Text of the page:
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Provider Opinions and Experiences Regarding Development of a Social Support Assessment to Inform Hospital Discharge: The Going Home Toolkit

Wallace, Andrea PhD, RN; Papke, Todd PhD; Davisson, Erica MSN, RN; Spooner, Kara MSN; Gassman, Laura MHA, BSN, RNC-EFM

doi: 10.1097/NCM.0000000000000234
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Purpose of Study: Despite over three decades of research linking social support and optimal health outcomes, social support is not systematically assessed or addressed during clinical care. This study sought input from health care providers to inform the design of an intervention intended to facilitate assessment of social support in a way that could aid in anticipatory planning during the process of hospital discharge.

Primary Practice Setting(s): Using a purposive sampling strategy, data were collected from providers in two acute care settings serving rural patients, one academic and one community based. Opinions about what an assessment of social support would seek to accomplish, what is currently done and by whom, and the preferred format for delivery were elicited during a series of individual and group interviews. During phase two, feasibility was assessed with three inpatient nurses over 3 clinical days. Field notes were analyzed throughout the project using rapid data analysis techniques.

Results: Health care providers endorsed the creation of an assessment and stated that target users would include all members of the discharge team (e.g., clinical nurses, case managers, discharge coordinators, hospitalists, and specialty care). They identified the need for a patient–family resource (vs. a traditional provider-facing assessment). Participants stated that, although both the information collected and the interview process would meet a need to increase patient engagement in inpatient settings, competing clinical demands would require a tool that was easily completed by patients and family and seen as directly informing clinical activities. To this end, although focusing on the eventual development of an electronic tool seemed valuable, a hard-copy resource was considered more feasible for patient use at the present time. The preliminary test of the resulting hard-copy “Going Home Toolkit” demonstrated potential feasibility and usefulness during clinical practice.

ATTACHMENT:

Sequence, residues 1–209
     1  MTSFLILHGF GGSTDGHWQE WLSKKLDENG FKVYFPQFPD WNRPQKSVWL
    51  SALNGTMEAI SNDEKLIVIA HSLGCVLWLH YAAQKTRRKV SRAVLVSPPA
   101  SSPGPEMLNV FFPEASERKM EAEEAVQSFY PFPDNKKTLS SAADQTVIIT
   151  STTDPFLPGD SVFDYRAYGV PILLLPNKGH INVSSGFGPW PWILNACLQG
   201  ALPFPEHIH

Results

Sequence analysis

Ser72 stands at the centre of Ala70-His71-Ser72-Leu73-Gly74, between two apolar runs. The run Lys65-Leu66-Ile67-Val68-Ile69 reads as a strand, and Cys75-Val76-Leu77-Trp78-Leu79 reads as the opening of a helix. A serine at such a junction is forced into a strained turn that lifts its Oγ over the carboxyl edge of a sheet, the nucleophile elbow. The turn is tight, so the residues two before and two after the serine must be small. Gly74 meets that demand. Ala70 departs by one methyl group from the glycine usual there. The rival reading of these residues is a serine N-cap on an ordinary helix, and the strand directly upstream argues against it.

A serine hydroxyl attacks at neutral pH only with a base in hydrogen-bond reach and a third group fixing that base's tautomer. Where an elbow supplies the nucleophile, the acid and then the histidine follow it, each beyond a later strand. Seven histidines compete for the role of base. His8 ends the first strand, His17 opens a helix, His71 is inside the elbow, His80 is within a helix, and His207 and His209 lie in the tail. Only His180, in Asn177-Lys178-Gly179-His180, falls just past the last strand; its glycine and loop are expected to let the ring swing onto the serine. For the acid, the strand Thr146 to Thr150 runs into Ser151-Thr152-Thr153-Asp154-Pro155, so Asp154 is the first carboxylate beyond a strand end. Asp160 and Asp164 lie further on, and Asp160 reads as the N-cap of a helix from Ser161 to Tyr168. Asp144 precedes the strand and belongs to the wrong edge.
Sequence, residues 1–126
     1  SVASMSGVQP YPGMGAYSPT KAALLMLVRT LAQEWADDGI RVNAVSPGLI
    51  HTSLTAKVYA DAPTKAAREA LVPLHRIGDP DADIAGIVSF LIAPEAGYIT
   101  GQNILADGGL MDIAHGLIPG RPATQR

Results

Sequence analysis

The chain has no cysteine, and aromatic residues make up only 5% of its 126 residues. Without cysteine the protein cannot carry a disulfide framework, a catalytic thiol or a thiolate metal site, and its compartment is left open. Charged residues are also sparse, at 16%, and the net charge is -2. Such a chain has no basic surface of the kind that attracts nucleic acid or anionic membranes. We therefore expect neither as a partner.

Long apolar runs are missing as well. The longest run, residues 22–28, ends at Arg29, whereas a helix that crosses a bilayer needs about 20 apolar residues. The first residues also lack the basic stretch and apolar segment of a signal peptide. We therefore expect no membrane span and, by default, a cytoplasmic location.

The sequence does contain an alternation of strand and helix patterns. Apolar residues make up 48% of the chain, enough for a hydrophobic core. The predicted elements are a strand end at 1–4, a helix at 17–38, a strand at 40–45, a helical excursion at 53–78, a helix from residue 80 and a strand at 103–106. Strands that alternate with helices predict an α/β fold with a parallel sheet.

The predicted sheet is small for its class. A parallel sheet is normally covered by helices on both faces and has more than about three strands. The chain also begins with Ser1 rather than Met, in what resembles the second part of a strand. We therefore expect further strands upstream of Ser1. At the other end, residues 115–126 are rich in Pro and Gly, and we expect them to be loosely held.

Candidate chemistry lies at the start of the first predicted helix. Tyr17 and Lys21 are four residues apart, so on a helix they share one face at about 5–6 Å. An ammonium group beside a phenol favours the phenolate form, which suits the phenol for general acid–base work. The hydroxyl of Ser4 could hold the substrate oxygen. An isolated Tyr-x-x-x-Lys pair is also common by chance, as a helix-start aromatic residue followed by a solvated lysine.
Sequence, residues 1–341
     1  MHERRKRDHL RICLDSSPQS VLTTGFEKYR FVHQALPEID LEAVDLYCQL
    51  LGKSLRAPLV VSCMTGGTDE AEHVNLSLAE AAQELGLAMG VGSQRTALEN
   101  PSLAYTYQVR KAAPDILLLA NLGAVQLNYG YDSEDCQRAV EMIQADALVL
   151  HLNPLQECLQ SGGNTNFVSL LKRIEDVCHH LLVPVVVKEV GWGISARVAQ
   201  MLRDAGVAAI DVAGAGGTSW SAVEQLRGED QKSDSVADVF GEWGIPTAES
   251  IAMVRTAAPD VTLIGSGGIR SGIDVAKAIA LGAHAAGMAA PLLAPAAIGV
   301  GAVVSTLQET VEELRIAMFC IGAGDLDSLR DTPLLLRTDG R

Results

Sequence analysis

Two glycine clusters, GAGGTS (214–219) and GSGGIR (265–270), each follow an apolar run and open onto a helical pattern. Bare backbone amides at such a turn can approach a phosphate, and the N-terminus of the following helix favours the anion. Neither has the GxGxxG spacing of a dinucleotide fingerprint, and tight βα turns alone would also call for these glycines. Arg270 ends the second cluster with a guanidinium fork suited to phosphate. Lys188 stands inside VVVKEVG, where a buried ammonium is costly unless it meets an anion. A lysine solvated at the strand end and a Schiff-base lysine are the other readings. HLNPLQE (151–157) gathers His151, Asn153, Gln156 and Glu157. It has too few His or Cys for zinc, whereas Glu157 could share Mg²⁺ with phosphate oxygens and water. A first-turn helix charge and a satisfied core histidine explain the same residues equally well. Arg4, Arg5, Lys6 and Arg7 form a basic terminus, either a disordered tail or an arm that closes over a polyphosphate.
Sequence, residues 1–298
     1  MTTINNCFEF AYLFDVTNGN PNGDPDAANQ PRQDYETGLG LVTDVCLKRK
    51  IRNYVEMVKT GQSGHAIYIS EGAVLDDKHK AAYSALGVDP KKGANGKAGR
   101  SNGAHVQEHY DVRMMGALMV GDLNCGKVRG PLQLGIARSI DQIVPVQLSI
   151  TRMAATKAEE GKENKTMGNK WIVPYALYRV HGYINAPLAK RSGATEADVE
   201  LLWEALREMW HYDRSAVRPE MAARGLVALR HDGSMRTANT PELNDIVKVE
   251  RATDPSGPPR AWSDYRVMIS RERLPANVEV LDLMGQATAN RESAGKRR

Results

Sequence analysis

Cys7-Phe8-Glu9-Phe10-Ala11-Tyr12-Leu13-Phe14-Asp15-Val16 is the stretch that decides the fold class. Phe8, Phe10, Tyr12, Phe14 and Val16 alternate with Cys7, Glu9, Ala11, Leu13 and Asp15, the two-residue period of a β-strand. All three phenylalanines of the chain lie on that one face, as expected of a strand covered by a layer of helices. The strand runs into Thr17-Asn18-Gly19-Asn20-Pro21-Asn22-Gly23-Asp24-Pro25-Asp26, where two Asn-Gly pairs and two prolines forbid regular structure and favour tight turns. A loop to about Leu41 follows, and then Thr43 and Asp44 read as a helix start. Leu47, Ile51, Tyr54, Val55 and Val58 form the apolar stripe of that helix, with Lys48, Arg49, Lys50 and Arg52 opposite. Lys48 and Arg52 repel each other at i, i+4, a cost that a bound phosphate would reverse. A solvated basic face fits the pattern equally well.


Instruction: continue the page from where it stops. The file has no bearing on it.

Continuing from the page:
Implications for Case Management Practice: There is need for not only assessing patients' supportive networks during discharge planning, but to do so in a way that would facilitate directed communication between, and engagement with, team members, patients, and families. Especially in light of new legislation focusing on involvement of caregivers, a tool such as the “Going Home Toolkit” may facilitate important conversations about, and planning around, patients' supportive resources at home.

Andrea Wallace, PhD, RN, is an Associate Professor at the University of Utah College of Nursing and School of Medicine. Dr. Wallace's clinical research focuses on narrowing gaps in health outcomes for those living with chronic illnesses while understanding how interventions can be feasibly administered during routine service delivery.

Todd Papke, PhD, is a Technology Innovations Scientist at the University of Iowa College of Nursing. He serves as a technology consultant in both research and education initiatives, and focuses on improving data aggregation, reporting, and research processes as part of the Evidence-Based Practice and Quality group at UIHC.

Erica Davisson, MSN, RN, is a PhD candidate, research assistant, and guest lecturer at the University of Iowa. In addition, she continues to work part-time as a staff nurse at UIHC. Ms Davisson's research focuses on staff nurses' decision making during discharge planning for patients with heart failure.

Kara Spooner, MSN, is Medical Surgical Nursing Unit Director at Mercy Medical Center, Clinton, Iowa. In that role, she builds on 12 years of nursing experience. Prior to her role as a unit director, she worked as a Clinical Development Specialist assisting with nursing orientation and educational opportunities for staff.

Laura Gassman, MHA, BSN, RNC-EFM, serves as Director of Clinical Professional Development, Quality and Magnet Coordinator at Mercy Medical Center. In these positions, she leads teams who provide curriculums for leadership, clinical mastery, infection prevention, and metric-driven outcomes. She has been instrumental in facilitating simulation education, research studies, advancement programs, and Magnet designation.

Address correspondence to Andrea Wallace, PhD, RN, The University of Utah College of Nursing, Annette Poulson Cumming Building Rm 5635, 10 South 2000 East, Salt Lake City, UT 84112 (andrea.wallace@nurs.utah.edu).

The University of Utah College of Nursing, Annette Poulson Cumming Building Rm 5635, 10 South 2000 East, Salt Lake City, UT 84112-5880, The University of Iowa College of Nursing, 50 Newton Road, Iowa City, IA 52242, Mercy Medical Center, Clinton, Iowa, 1410 N. 4th St., Clinton, IA 52732.

Funding for this work was provided by the University of Iowa Office of Engagement and Outreach.

The authors report no conflicts of interest.

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